I thought it might be a good moment to take stock: What have people actually been reading? Who are our readers? And are any patterns visible, helping us to improve the blog? First of all a few stats:

Hits

The below graph shows our gradual increase in hits – the dip at the end is only because we still got 8 days to go this month, so will very likely end up higher than last month.

Capture

Gradual increase in hits on the blog.

The average hits per month have also gone up – since the start of the development phase in December 2012 it has increased from 12 to 46 hits per day on average:

Average per day

Popular posts

Most popular posts all-time – ‘your top 10′:

1. Earith Bridge: modern and historic works to the structure

2. Hidden Heritage: Mepal Airfield

3. Conference Invitation

4. People and Legacy: our Vision for the Ouse Washes

5. ‘Ours was the Fen Country’

6. The Lost Fens

7. Audience Engagement and Access Improvements

8. High in the Sky: Heritage & Landscape photography from above

9. Tenders sought for Landscape Character Assessment

10. Distinctiveness: A Local Perspective

10. Ouse Washes Roads Flooded once more (equal number of hits as the previous)

Judging from the above, we may perhaps conclude that people are primarily interested in:

  • Local ‘issues’: flooding; bridge repairs
  • Local, hidden heritage: Mepal Airfield
  • Local landscape character: Landscape Character Assessment; Distinctiveness; kite aerial photography
  • Community & development phase work: Audience & Access Planning; Vision; Conference
  • Cultural heritage – The Lost Fens; Ours was the Fens country

Our audience

The most surprising bit is perhaps the information as to where people come from. People who have looked at the blog come from an amazing 53 different countries across the world:

where from

The vast majority, 94%, of our visitors come from the United Kingdom, with frequent visitors also from The Netherlands; United States; France; Australia; Canada; Portugal; and the Russian Federation.

What do you make of it?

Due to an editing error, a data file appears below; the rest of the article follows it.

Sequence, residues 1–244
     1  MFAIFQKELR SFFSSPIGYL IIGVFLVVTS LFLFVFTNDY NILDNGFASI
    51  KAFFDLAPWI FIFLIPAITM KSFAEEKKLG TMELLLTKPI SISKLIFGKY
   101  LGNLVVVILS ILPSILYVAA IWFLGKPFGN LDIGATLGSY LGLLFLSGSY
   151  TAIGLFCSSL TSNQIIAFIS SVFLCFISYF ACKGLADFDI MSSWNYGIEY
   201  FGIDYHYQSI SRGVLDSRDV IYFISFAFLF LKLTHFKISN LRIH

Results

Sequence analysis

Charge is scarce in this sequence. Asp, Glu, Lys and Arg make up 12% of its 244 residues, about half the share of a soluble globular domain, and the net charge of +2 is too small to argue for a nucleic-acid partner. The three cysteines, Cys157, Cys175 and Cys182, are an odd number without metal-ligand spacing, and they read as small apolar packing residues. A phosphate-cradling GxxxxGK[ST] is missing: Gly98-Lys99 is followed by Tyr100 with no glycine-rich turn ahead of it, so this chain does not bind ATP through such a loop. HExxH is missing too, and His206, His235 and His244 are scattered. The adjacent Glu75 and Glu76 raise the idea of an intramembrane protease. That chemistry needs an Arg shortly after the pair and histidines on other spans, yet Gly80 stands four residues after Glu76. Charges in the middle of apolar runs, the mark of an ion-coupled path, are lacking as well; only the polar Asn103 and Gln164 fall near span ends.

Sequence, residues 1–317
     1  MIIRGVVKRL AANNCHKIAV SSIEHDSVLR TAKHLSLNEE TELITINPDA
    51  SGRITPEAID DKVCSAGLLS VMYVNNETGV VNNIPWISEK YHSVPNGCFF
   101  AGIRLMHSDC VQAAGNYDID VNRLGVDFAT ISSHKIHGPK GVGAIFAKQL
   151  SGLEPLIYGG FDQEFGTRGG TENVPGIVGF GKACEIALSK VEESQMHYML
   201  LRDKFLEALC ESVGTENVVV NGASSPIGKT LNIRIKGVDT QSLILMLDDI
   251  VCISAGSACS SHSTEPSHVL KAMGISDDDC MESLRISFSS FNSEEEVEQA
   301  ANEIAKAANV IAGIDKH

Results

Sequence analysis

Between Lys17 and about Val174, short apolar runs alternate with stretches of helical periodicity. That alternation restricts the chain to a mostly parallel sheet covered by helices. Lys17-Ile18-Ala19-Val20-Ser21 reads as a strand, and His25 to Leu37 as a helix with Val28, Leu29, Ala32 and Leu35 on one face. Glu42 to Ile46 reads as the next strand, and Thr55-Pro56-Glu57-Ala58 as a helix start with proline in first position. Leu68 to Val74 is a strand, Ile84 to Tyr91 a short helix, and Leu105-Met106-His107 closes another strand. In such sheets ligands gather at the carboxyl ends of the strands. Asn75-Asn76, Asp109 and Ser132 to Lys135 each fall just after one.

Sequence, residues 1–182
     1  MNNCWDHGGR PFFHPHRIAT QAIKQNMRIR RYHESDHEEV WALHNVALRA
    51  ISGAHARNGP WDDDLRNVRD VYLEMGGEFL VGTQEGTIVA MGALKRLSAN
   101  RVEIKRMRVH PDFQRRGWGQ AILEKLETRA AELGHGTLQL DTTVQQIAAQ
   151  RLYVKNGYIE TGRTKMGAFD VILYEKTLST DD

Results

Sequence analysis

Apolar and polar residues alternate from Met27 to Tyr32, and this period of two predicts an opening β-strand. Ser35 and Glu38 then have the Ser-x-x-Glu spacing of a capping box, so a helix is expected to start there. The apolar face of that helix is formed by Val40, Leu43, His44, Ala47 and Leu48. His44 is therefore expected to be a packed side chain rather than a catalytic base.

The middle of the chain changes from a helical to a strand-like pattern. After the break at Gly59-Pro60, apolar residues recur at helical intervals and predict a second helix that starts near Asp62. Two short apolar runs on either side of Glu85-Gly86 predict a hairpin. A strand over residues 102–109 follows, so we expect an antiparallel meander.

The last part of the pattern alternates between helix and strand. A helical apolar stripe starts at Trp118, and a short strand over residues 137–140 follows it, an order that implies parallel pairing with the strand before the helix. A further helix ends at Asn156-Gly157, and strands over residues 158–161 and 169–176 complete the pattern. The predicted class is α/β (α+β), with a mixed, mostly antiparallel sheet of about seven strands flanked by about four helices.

As part of the delivery phase, starting in April 2014, we will also have a dedicated website – the blog will nevertheless continue to be used throughout the next 3 years, to interact with our audience; that’s you. We are keen to hear from you if you think there are ways we could improve on the blog.

Development Phase has commenced

Following the successful stage 1 bid to the Heritage Lottery Fund, the next important step for the Landscape Partnership Scheme has now started: the Development Phase.

Flooded A1101 Wash Road near Welney

Flooded A1101 Wash Road near Welney, taken last week

With development funding of £90,500 in place, Cambridgeshire ACRE will now lead on the preparation of the stage 2 bid, which is scheduled for late 2013. As part of this, the 26 proposed projects will be worked out in more detail, resulting in clear plans for landscape conservation, participation, learning and access opportunities. A detailed Landscape Conservation Action Plan will also be prepared. All of this will be done in close cooperation with a large number of partner organisations.

In order to coordinate the various workstreams, Cambridgeshire Acre has just appointed a Programme Manager. And that’s me; my name is Mark Nokkert. My aim is to regularly write posts on this blog to keep you up-to-date of progress, and to invite partners to contribute with posts to share their expertise and experiences.

As part of the Delivery Phase (2014-2016), a specific website will also be developed. Until then, this blog will be the main source of information. So, if you would like to be kept up-to-date and you have not already done so, please subscribe to this blog (press ‘Follow’ on the right). Please also forward this to anyone else who might be interested.

Ouse Washes LPS Programme Manager at Welney

Ouse Washes LPS Programme Manager at Welney

Welcome

Welcome to the new blog for the Ouse Washes: Gateway to the Fens Landscape Partnership Scheme.

We’ve set this blog up so that anyone associated with or interested in the Scheme can keep up to date with its progress as we develop it from a raw idea into a fully thought-out application ready for submission to the Heritage Lottery Fund in February 2012.

We hope you will take the opportunity to visit the other pages on this site which will tell you about why we think the Ouse Washes deserve to be conserved, celebrated and made more accessible both to people who live locally and visitors to the area.

If you have any thoughts on this site or on the Landscape Partnership Scheme itself then please feel free to reply or comment on posts. We’d be delighted to hear from you and will endeavour to use feedback provided to improve this site or to feed into our application development work.